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4-Wheel-Drive Vs All-Wheel-Drive Repair and Maintenance Recommendations

If you are shopping for a vehicle, or already own a vehicle, that is either 4WD or AWD you may not even understand the real difference.  In all the marketing material it sounds like the main difference is 4WD allows you to control when power is applied to just 2 wheels or to all 4, and AWD vehicles apply power to all 4 wheels all the time, or at least under automatic control.  Well, that’s true but the mechanical systems used to create 4WD vs AWD are very different, and therefore have different repair and maintenance requirements. 

Your vehicle’s four-wheel and all-wheel drive is much more than just a safety feature. When you have better traction and control on slippery roads along with more grip on rough terrain, then even the roughest or most slippery roads become a more drivable place. A sudden storm or snow shouldn’t keep you inside.

However, with greater power comes greater responsibility. The additional mechanical components, and the complexity required to run an AWD or 4WD system, require more complex electrical and mechanical repair and maintenance.  And, being able to drive in harsher conditions means you’ll also be putting additional wear and tear on the suspension, drivetrain, steering components, brakes, and chassis.

4WD vs All-Wheel Drive

Mechanically, the key difference between 4WD and AWD is in the method used to direct power to the dominant wheels and the auxiliary wheels.  Most 4WD vehicles, especially pickup trucks and large SUVs, use the rear wheels as dominant (the ones the motor turns in 2WD settings) whereas most AWD vehicles are front wheel dominant.  4WD vehicles utilize a transfer case to switch between 2WD and 4WD.  Instead, most AWD vehicles have a mechanical device called a transaxle.  This is essentially a transmission and differentials all in one.  The transmission portion of the transaxle functions the same as a stand-alone transmission, and a built in differential directs power to each of the front wheels.  An additional built-in differential directs power to the rear driveshaft, which in turn powers the rear wheels.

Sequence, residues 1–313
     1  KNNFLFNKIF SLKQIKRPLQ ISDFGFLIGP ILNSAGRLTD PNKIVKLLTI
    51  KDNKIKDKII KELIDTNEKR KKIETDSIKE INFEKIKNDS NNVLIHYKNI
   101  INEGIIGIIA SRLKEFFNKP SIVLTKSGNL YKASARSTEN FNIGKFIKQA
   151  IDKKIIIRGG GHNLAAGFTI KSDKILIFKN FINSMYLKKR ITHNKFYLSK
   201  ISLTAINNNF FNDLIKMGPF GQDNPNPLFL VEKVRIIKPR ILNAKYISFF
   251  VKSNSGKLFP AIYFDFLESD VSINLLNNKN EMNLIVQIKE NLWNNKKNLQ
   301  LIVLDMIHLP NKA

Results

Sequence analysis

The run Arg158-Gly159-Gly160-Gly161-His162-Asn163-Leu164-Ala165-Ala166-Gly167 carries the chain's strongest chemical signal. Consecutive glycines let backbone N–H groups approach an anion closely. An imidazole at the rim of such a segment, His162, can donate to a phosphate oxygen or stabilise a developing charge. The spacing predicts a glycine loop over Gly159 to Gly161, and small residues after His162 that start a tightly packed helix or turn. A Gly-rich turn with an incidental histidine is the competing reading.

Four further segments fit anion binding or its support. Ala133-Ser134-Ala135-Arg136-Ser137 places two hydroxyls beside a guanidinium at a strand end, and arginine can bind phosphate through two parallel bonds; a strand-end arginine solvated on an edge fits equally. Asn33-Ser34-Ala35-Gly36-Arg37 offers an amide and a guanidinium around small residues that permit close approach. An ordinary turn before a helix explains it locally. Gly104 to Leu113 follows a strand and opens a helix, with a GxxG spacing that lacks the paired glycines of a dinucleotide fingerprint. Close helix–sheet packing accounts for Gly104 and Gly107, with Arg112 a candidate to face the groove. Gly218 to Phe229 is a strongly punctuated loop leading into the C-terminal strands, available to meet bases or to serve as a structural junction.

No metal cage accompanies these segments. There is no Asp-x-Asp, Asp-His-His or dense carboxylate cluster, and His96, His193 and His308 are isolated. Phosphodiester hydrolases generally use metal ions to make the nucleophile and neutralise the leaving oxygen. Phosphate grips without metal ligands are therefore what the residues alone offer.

Advantages of FWD and AWD

4WD vehicles generally offer the driver more control over traction.  Engaging 4WD provides great traction when needed, but it adds wear and tear to the drivetrain, and reduces fuel economy.  It’s not a good idea to operate a 4WD vehicle in four wheel mode all the time, only when necessary for extra traction.  If you sometimes drive your vehicle off road and want direct driver control over your traction, then you will greatly benefit from a good 4WD system.

The AWD transaxles in many vehicles use mechanical and electrical controls to regulate when and how much power to apply to the auxiliary wheels. These systems generally automate the traction vs fuel economy function so the driver doesn’t have to worry about it although some models offer an override button that allows the driver to select a snow mode to ensure all four wheels get power the motor. 

AWD is perfect for driving in situations where the road may be slippery, and you may lose traction.  For example, if you frequently drive in rain or snow, or variable road conditions where traction could change at any minute. 

Intelligent All-Wheel Drive Systems

The most sophisticated AWD vehicles use various sensors and control modules to intelligently direct power  the motor to the wheel, or wheels, where power is most needed.  We have already discussed the advantages of power to just 2 wheels for improved fuel economy and reduced drivetrain wear, and the advantages of power to all 4 wheels for improved traction.  But what about when one wheel is slipping, or the two wheels on one side of the vehicle are slipping while the other side has traction?  Directing power to wheels that are slipping takes power away  the wheels with traction.  This is not a good situation because the wheels with traction are the only ones that can move the vehicle.